I had a lot of fun yesterday evening. I did not win. The prize went to Miriam Toews’s All My Puny Sorrows. I’d expected her book to win, and therefore did not approach the event with any expectations of my own, aside from the desire to be intensely present, open, and filled with gratitude at being witness to this moment in time. I was so grateful to have a ceremony to attend, no matter the outcome. All of my publishing people were with me from House of Anansi, my agent Hilary, and Kevin too. We went out for a feast afterward too. It felt like the moment had been marked, when all was said and done.
I do like to mark the moment. So thank you, thank you, those who helped me mark this one. I am blessed.
I’m glad to be home.
I had a thought while sorting laundry in the basement, just now. I thought: “this hasn’t been life-changing.” Then I wondered what that meant, and what exactly “it” might refer to. I think I was thinking of the prize and being a finalist. It isn’t life-changing, not in the way we think of things as being life-changing, and I wonder, would it have been life-changing to have won? I’m not convinced. Maybe it’s because I do not wish or want my life to be changed. Maybe it’s because I’m certain that prizes do not define any of us, that to be who we are — more precisely, who we want to be — is a constant commitment that is poorly served by reliance on external recognition. The peak moment fades. We go on, you know. We do.
I think life is as it is, and I am who I am, no matter what scenes I move through or what clothes I’m wearing. Don’t misunderstand, please: It’s been loads of fun. I take none of it for granted, and I’ve relished every opportunity to be here now. I’ve met or been reacquainted with many many many writers, and have had many memorable conversations, be they funny, happy, silly, serious, insightful, kind-hearted or all of the above. I feel a part of the “class of 2014.”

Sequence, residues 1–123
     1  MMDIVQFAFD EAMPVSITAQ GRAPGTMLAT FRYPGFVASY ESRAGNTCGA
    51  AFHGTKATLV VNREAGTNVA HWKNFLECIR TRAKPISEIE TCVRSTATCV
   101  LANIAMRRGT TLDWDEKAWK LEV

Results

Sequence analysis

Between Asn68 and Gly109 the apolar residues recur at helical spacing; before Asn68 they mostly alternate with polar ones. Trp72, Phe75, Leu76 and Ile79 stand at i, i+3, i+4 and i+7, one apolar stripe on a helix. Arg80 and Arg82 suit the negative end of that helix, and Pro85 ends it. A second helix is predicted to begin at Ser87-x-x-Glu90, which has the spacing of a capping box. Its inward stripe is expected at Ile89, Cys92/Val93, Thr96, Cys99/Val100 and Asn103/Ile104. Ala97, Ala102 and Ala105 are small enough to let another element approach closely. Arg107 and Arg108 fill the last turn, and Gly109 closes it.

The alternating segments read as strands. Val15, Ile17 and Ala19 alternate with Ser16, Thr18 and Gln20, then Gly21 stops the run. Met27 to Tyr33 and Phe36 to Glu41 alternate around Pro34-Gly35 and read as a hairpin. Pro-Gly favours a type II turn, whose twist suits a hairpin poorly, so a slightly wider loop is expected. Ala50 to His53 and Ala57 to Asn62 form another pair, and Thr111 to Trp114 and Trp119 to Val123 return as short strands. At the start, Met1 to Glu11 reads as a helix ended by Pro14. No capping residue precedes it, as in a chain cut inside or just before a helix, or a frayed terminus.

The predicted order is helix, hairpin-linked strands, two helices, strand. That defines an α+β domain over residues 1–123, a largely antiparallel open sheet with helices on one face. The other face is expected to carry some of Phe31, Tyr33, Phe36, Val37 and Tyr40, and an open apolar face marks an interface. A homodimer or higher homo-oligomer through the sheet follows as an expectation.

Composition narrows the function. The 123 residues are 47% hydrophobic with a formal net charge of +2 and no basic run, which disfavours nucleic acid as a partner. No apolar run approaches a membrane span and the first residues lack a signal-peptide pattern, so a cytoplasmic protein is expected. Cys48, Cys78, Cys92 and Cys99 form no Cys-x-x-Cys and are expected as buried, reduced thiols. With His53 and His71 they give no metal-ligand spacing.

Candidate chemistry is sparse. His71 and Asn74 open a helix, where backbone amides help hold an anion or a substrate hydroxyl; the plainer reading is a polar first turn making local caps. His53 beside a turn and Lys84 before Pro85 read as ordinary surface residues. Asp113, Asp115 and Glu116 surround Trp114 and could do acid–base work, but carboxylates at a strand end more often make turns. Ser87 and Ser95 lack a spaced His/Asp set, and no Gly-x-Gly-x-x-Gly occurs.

Now I want to get back to the work of writing another book. I want to get back to discipline and routine, family and friends, soccer and music. That’s not contradictory, I think, I hope.
PS Calgary’s Wordfest produced an audio play of the first chapter of Girl Runner. It’s beautiful. If you want to hear Aggie’s voice, young and old, listen here.
I’m in Toronto.
The Weather Network informs me that it is 12 degrees, feels like 10, with a mix of sun and cloud expected today. When I turn my head and look out the window, I can see highway and cars travelling past in an endless stream; and the Redpath sugar factory. I had a reading last night in Burlington, with the other finalists for the Rogers Writers’ Trust Award, and we’re reading together again tonight here in Toronto at Harbourfront. I’ll be back for more readings/panels on Saturday and Sunday.
This morning, I had breakfast with my French editor, a graceful and down-to-earth woman, which is an unusual combination, I think. I myself am down-to-earth but not so graceful; or else, I aim for grace and perhaps lose the down-to-earthyness. Who knows, this may be a completely inaccurate look in the mirror. I am looking in an actual mirror right now and a woman with tired eyes looks back at me, smile lines around her currently unsmiling mouth, hair unkempt.